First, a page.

In continuing my favorite vegan things for Vegan Minifoo, I wanted to express my joy of chocolate, especially fair trade chocolate and Gone Pie's addictive creativity. At Gone Pie, which offers a unique subscription service as well as being sold at various NYC locations, they specialize in brownies, pies, candies, chocolate covered pretzels, and more. Now this chocolate, Food Empowerment Project approved, is decadent, sweet, and pleasant-- all the adjectives chocolate should be and more-- but with the added benefit of where the chocolate is sourced.

A scrumptious complimentary bite sized candy bar delight. Thank you, Barb. I loved this and all of the other chocolates.

Newman's Boulangerie made out of this world croissants with the irresistible combination of soft and flaky and a not too salty flavor. I look forward to consuming more and more of these in my near future. Maybe someday they'll collaborate with Gone Pie for a special edition chocolate stuffed croissant (best of both worlds!).

More Gone Pie treats galore. I ordered the almond joy (top left), two peanut butter blondies dipped in rich chocolate (diagonal from each other), and a rice crispy treat also dipped in chocolate (bottom right).

A look inside the rice crispy treat. Nom nom!

I saved the almond joy and a peanut butter blondie for my two friends who graduated from PAFA last Friday. They enjoyed them immensely, surprised by the amazing goodness of these treats!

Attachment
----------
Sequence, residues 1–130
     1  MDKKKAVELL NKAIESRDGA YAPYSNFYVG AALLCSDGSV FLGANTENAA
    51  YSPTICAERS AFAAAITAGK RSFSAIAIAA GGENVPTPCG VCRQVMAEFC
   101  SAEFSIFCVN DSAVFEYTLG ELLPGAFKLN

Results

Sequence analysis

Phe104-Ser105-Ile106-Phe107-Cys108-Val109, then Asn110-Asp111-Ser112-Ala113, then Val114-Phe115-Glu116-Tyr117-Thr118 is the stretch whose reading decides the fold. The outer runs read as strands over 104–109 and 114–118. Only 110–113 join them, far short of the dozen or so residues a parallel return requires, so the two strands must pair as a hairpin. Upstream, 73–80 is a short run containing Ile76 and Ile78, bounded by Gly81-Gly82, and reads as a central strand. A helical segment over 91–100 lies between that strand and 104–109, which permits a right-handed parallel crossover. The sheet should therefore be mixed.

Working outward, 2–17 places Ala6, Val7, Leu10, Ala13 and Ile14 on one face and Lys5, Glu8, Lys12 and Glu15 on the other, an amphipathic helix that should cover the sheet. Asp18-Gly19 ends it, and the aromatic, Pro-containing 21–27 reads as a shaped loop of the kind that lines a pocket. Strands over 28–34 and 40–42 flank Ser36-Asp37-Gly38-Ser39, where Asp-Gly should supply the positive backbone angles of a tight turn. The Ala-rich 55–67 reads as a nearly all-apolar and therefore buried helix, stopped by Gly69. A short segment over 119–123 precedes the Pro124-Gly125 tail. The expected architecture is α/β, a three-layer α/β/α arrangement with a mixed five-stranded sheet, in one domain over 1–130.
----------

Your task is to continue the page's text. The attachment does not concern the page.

During a quiet moment at work, one must indulge on the final piece of yummylicious chocolate.

Shameless close up.

Definitely enjoyed the variety of flavors in this chocolate dipped peanut butter blondie, especially that salty peanut butter chocolate mouthful at the center of it all, a most wondrous experience.

Snickerdoodle Milkshake

A favorite cookie treat turned into a decadent dessert beverage.
Vegan Mofo Minifoo for May asks for our favorites.
Well, one of my favorite treats is homemade snickerdoodles. There's something irresistible about an entire kitchen smelling of a baking magician sprinkling a vast cinnamon spell that takes over the whole entire home. Plus my hands enjoy the task of forming sugar dough balls and rolling them in cinnamon-sugar mix. It's the best fun!
For today, the guilty pleasure cookie turns into a scrumptious milkshake with the aide of So Delicious's amazing Snickerdoodle Cashew Milk Ice Cream and an extra dose of cinnamon fixation.

Snickerdoodle Milkshake Ingredients and Preparation

1 cup So Delicious Snickerdoodle Cashew Milk Ice Cream
1 1/2 cup full fat coconut milk, chilled
2 tablespoon date syrup
1 teaspoon cinnamon
1-2 little Snickerdoodle Cookies (like Enjoy Life Foods Soft Baked or homemade)

Blend all ingredients together until thick and smooth.

Snickerdoodle + equal cinnamon equals love.